Knowledge Sharing for Climate Change Adaption

Resource for Theme 'Poverty and vulnerability'

CLIMATE CHANGE ADAPTATION AND FOOD INSECURITY IN MARADI DISTRICT – NIGER

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admin | 2012-02-14 15:32 | download | 685.6 KB
Filename: resources/784/ICID Paper_MOUSSA NA ABOU Mamouda.pdf


Author(s):

Date of publication: 2012-02-14

Associated Organization:

Themes: Agriculture, fisheries and food security, Gender, Poverty and vulnerability, Water

Regions: West Africa

Countries: Niger, Nigeria

Summary:

In Maradi district (Niger), more than 80% of the population is composed of farmers practicing a rain fed agriculture. However, because of climate variability and changes, rainfall has become uncertain, either coming too early, too late, too much or too little. On the other hand, seasons are becoming shorter and annual temperatures more extreme. During previous field visit and survey in January 2007 among Maradi district communities (Tibiri, Maradawa and Gabi), an alarming report stated the following: over 50% of interviewed farmers said that they entirely consume their harvest just after three months! During the remaining nine months in the year and before the next harvest, these communities used to develop small irrigation and income generating activities from fruit and vegetables they produced. But, because of climate variability and change, these farmers are facing a tremendous challenge in fetching surface and ground water for irrigation. As a result, any adaptation strategy via irrigation became so costly (mainly because of high oil prices and difficult access to energy services) that it is out of many small farmers’ reach. In order to ensure their food security, these communities generally settle for some coping mechanisms including social networking, solidarity and alternative livelihoods, small-scale irrigation or migration. However, irrigation has become less productive because of water scarcity and higher minimum annual temperatures. The only one river (Goulbi) flowing across Maradi city and which use to flow for at least six months after the raining season, is now flowing for only one to two months because reduction in annual regional rainfall and also because of a dam1 set upstream in Nigeria a neighbouring country of Niger. Combination of all these stressors makes Maradi district frequently exposed to food insecurity. In this case, communities tend to implement several coping mechanisms to ensure their food security. This paper attempts to understand these coping mechanisms so as to inform policy and decision makers at all levels in the exploration of ways and means of adding value on some of these coping mechanisms to transform them into adaptation. Because of the trans-boundary linkages that it implies, this paper shows that adaptation to climate change should no longer be considered only as a local but multi scale, multi level process.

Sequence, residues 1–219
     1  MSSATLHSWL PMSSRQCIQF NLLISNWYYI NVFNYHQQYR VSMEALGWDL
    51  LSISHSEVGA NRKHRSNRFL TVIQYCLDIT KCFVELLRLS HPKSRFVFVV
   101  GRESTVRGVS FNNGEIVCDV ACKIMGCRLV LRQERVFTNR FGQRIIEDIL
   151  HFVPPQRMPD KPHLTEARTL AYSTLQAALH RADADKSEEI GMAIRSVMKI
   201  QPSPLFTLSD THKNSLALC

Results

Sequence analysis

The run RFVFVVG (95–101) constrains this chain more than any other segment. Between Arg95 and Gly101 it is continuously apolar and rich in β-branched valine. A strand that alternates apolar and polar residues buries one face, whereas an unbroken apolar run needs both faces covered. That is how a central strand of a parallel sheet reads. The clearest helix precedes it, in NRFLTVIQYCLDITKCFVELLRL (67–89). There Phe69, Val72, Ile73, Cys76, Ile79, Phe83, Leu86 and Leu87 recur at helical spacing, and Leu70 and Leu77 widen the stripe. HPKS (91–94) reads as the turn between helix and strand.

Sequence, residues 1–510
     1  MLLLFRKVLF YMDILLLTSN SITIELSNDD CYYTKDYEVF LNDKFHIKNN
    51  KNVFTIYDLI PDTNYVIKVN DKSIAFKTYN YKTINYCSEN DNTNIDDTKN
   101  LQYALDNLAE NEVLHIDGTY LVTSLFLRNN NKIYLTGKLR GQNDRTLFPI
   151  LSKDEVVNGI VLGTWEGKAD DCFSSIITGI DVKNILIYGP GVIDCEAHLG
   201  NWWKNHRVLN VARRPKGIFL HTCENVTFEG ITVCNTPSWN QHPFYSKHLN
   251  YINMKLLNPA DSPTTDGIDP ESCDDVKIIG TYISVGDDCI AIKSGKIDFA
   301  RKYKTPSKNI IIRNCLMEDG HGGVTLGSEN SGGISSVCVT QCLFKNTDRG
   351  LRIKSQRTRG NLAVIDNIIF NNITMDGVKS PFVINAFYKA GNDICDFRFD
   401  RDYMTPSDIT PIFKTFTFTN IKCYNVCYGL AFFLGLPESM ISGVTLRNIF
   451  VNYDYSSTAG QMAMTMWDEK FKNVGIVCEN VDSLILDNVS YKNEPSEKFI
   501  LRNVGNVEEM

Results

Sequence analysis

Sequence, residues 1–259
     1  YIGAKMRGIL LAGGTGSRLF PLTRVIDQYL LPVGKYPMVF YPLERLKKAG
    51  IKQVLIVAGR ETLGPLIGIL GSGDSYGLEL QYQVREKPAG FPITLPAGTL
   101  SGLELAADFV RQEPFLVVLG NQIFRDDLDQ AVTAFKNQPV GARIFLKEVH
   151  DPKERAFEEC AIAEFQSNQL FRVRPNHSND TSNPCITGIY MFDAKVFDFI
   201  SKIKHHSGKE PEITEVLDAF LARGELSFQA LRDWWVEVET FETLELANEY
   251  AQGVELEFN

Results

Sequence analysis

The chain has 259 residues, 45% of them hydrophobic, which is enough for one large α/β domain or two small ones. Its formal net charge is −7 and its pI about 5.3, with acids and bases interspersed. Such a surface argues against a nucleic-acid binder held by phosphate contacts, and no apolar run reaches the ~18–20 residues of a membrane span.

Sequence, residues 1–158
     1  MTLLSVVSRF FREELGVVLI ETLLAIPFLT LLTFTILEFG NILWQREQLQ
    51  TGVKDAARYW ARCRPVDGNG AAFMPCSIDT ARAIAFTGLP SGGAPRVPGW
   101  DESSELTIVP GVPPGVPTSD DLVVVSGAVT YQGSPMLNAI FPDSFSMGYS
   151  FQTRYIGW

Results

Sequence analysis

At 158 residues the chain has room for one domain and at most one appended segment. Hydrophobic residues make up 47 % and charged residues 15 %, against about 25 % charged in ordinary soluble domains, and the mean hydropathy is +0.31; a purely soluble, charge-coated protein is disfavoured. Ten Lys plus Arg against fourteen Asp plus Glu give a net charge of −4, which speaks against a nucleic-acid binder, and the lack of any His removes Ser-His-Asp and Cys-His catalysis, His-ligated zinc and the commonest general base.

Key words: food security, adaptation, coping mechanism, social capital, and policy process

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